JH COLLECTIBLES SHIFTS EXECS; BRUCE ROSS NAMED CHAIRMAN

NEW YORK — Bruce Ross has been named chairman of JH Collectibles and president and chief executive officer of Ross Enterprises Inc., the holding company for the $150 million sportswear firm.
Ross’s appointments are part of a management restructuring following the death Nov. 9 of Kenneth Ross, who was chairman and ceo of JH Collectibles.
Normand Neal, who had been executive vice president and chief operating officer of JH Collectibles, is now president and ceo.
Bruce Ross, 37, is Kenneth Ross’s son and had been president of JH Collectibles. In his new posts, Ross assumes some of the responsibilities held by his father. As part of his duties, Ross will oversee the Ross family real estate ventures that are part of Ross Enterprises, which includes various other ventures and capital investments. He will continue on the JH Collectibles board.
Neal, 43, joined the firm in April 1988 as vice president of sales for the Midwest region and in June 1990 became executive vice president and national sales manager. In January 1993, he was named chief operating officer.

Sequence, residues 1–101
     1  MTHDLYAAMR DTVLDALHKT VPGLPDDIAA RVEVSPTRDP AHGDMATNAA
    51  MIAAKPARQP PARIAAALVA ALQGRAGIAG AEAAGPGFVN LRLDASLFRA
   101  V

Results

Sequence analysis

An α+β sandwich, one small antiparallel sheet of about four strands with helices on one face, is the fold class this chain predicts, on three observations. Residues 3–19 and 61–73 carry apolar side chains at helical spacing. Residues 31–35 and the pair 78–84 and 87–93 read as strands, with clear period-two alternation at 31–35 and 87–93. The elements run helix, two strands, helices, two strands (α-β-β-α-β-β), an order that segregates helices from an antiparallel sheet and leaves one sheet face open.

He now assumes total responsibility for the JH Collectibles business and will report to its board.
The firm also said that William Feldstein Jr., 55, has come on board as special adviser and a new director. Feldstein is the son of William Feldstein Sr., founder of Junior House, the junior apparel company from which JH Collectibles was developed.
Feldstein is also the brother of Kenneth Ross’s wife, Audrey. For the past 28 years, he has been president and ceo of International Fashions, an import company dealing in the Pacific Rim, contracting knitwear and apparel, and will continue with that company.
“We were talking about the need for restructuring three years ago, when Ken Ross suffered another heart attack,” said Neal, who noted the restructuring follows Kenneth Ross’s plan. “Ken became more vocal about it three months ago, as he became more critically ill. He wanted the company to be able to go forward and to see the company perpetuate.”

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